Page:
Abstract

Platt L. Mobility and missing data: what difference does non-response make to observed patterns of intergenerational class mobility by ethnic group? Working Paper 2005-10 of the Institute of Economic and Social Research, University of Essex, Colchester. 2005.

While there is an extensive literature on intergenerational class mobility in Britain there is less work on the impact of these different forms of missing data on the observed transitions between parent’s class and child’s class. It may be particularly pertinent to consider the impact of missing data when evaluating ethnic group differences in intergenerational mobility, since unemployment is known to differ systematically with ethnicity, as do survey and census response. Research into intergenerational class transitions as they differ by ethnic group in Britain is the subject of only a small number of studies, and there has not been any detailed examination of the impact of missing data in studying ethnic group differences in intergenerational social mobility. The contribution of this paper is to highlight the issue of missing data in studying social mobility, to outline its potential implications, and to offer some preliminary analysis of the impact of missing data on our understanding of intergenerational social mobility as it varies by ethnic group.
The paper examines three forms of missing data that we might expect to effect the measurement of ethnic group differences in intergenerational social mobility. First, where measured origins or destinations are not accommodated by class categories – e.g. the unemployed; second, those whose origins are measured but who do not survive in the study sample, because of non-response or emigration; and third, those for whom information on variables of interest that are, or might be, associated with achieved social class is missing.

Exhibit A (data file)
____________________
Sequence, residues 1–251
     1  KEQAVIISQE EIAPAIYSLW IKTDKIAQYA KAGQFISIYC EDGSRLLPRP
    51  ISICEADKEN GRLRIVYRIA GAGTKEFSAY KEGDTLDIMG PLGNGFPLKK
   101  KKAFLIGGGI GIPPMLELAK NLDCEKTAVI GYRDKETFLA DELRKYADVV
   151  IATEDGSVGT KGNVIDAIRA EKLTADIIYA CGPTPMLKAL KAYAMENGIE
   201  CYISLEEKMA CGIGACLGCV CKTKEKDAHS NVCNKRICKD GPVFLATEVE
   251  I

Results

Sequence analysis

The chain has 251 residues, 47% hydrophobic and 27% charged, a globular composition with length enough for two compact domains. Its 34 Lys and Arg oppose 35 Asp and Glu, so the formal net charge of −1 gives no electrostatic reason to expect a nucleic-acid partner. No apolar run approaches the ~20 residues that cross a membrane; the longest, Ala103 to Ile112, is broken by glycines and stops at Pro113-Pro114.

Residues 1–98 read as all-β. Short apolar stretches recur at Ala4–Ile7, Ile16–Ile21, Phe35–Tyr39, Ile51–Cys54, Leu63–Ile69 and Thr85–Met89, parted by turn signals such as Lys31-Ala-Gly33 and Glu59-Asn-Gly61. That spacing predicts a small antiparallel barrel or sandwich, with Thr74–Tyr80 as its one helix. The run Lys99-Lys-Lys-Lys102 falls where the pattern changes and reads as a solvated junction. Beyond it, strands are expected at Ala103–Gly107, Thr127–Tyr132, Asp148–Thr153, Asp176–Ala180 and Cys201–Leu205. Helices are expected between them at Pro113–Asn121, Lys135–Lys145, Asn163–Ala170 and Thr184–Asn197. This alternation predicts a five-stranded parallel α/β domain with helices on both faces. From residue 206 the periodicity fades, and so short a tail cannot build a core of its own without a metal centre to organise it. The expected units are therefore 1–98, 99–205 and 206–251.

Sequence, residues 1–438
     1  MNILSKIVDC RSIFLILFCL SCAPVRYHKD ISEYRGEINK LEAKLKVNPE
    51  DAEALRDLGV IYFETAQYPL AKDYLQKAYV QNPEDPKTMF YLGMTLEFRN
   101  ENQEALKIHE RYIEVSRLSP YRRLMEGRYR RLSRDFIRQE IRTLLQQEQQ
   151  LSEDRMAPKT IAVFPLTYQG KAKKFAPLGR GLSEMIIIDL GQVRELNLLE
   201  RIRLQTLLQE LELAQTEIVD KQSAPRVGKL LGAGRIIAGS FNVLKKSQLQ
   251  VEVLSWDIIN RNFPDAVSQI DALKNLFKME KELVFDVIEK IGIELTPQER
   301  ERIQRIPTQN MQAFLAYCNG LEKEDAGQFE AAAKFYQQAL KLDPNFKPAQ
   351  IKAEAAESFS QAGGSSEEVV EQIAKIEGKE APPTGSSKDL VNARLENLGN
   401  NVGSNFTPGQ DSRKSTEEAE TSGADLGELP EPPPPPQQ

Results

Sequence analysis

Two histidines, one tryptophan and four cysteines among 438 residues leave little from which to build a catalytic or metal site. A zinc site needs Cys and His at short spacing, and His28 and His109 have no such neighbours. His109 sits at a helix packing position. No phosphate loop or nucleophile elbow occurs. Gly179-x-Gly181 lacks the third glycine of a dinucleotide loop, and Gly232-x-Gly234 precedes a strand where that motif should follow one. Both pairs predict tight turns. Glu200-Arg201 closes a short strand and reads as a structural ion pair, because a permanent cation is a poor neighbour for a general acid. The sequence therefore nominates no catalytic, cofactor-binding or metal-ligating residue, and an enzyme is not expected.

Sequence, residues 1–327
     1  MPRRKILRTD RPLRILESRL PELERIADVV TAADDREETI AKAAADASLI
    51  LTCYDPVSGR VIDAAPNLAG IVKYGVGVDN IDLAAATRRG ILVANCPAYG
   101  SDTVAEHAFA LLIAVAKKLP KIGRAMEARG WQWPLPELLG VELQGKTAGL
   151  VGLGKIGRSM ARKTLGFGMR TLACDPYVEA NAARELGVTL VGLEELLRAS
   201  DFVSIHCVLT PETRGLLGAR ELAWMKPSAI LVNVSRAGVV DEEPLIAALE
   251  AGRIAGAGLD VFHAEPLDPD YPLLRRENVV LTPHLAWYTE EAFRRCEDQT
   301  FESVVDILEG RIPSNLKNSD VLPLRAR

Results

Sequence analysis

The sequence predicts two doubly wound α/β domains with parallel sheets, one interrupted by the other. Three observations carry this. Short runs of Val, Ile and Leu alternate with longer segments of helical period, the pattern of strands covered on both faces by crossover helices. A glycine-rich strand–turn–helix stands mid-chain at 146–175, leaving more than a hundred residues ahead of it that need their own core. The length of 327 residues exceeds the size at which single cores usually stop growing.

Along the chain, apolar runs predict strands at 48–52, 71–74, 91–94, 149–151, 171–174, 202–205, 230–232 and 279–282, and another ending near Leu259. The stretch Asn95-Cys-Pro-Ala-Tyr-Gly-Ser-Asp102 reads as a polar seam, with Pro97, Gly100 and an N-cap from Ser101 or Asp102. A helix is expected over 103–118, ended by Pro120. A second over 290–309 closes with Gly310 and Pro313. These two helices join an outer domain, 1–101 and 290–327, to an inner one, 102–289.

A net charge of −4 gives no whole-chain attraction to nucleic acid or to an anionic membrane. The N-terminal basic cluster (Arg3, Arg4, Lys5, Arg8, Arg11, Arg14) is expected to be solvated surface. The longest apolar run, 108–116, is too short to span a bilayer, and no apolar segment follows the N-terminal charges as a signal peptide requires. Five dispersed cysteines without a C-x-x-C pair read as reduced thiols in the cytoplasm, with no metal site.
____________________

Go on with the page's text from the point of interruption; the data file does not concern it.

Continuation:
These three forms of missing data are explored by (a) examining the impact of operating different assumptions in relation to non-class outcomes, particularly unemployment but also ‘other’ outcomes; (b) investigating non-response at the point of measurement of destinations, by exploring and comparing the characteristics of those for whom we know the reason for non-response (emigration, recorded through embarkations data) and those for whom we do not know the cause of their non-response. This section of the paper goes on to look at whether there are selection effects in observed patterns of origins and destinations. In the following section, the paper examines (c) whether the treatment of missing values on variables included in models of emigration, attrition and social class outcomes affect the results obtained. Here just two of the potential treatments of missing data, listwise deletion and using dummy variables for missing values are contrasted.
The paper concludes that, despite big differences between ethnic groups in levels of non-class outcomes, emigration and non-response, the impact of these on results as far as it was investigated here was modest. Nevertheless, missing data remains an issue potentially highly pertinent for ethnically differentiated mobility research, and thus, it is argued, being selfconscious about how missing data are treated is important in itself.